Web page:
So these are the exact cases where people don’t have a key to their own building that they’re supposed to be operating. They’re not allowed to see the books, like in LA, if there’s a lot of Tier 2 applicants that are 33.3% owners of these businesses, and they’re not even allowed to see the financials, because they’re just a minority partner. And that’s exactly how they treat them.
And so what I try to do is prevent a lot of these issues by just educating on what they should have in their car on track and the powers that they should be able, so the case with High Times, of course, was interesting. And it should be getting more interesting in theory, because I believe, if I was remember the article correctly, even eight or nine out of the 13 pending storefronts that High Times just bought are all equity storefronts.
So it’s super contradictory to the point of why we created the program like, it blatantly disrespectful in every way. But there’s — that’s where I just really think it’s so important for the aspects of education. And even people that, I had a case yesterday we were listening to a compliance expert that happened to also qualify for equity. So a company was hired there for all of their compliance. And then when they realized that she was equity, they pitched her on being their equity partner.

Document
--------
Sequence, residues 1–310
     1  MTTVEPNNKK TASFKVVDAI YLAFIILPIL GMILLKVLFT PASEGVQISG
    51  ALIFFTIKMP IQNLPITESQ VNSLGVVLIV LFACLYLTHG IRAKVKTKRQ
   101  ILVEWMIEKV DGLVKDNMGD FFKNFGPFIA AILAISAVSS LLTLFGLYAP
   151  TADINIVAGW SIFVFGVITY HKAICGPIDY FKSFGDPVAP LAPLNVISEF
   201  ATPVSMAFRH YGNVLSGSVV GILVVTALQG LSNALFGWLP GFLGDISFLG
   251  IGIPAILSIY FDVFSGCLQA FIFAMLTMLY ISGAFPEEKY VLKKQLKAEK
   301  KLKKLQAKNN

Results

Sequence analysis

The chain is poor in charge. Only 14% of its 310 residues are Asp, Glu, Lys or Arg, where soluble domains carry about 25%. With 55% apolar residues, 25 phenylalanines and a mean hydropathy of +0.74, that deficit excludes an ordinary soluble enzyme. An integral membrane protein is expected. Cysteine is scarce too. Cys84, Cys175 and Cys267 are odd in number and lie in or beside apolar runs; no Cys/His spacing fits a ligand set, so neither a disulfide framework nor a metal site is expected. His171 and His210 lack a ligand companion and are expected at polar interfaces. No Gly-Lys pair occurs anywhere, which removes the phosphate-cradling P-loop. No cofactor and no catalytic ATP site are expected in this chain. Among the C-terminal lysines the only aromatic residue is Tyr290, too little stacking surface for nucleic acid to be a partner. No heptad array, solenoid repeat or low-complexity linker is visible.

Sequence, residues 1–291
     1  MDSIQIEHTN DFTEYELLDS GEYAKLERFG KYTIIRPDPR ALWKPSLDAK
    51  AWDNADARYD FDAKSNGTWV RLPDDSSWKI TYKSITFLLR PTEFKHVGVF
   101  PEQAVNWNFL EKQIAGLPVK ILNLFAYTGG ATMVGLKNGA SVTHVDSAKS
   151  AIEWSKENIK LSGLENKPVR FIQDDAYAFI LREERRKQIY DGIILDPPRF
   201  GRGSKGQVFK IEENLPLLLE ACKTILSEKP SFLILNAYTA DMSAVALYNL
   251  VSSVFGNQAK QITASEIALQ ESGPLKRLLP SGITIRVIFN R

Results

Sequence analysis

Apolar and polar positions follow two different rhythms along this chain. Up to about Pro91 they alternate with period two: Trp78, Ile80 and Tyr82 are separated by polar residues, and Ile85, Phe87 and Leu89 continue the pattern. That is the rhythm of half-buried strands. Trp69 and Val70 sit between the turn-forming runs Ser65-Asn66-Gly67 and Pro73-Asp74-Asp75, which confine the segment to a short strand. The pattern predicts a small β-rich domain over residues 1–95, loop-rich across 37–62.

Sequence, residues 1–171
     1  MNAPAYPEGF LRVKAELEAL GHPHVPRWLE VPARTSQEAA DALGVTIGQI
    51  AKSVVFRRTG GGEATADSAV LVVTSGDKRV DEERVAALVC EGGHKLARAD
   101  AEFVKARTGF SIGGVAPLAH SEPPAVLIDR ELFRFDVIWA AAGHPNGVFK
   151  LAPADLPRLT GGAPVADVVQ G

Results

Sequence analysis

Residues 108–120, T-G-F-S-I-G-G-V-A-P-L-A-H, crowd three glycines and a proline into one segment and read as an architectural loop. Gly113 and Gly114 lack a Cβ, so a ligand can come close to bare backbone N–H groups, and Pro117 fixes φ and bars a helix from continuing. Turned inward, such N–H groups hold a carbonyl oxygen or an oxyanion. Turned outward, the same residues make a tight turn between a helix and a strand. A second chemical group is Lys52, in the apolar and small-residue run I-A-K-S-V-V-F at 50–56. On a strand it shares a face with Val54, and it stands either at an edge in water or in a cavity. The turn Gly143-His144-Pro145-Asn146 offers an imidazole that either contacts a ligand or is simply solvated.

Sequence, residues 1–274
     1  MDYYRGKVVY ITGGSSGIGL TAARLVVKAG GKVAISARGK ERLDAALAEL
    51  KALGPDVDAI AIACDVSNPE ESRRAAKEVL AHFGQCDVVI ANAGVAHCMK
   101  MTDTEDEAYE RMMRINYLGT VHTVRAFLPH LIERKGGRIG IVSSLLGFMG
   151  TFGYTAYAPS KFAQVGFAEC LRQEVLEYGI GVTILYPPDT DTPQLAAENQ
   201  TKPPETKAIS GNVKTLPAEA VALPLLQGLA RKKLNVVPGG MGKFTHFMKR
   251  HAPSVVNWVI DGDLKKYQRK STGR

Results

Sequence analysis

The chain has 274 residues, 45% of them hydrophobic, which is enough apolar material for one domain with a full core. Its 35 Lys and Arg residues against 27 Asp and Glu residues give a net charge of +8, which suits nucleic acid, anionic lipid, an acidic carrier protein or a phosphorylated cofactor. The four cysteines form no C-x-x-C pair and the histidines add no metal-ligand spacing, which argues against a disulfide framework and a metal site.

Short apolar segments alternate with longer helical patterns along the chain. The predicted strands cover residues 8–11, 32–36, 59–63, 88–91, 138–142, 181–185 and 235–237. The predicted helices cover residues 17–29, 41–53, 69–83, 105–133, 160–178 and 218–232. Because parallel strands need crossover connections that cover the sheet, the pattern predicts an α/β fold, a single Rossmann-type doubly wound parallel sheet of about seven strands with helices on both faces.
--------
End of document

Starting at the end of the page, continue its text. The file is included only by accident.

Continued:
So, she was super excited, sounds great. And long story short, they also lied to her, took advantage of different things. The whole time, she thought that the business that she was running was attached to another business. And in reality, it wasn’t attached to that business. And it was valueless. And she — I say that to say, she comes from a super educated background, she’s a compliance expert.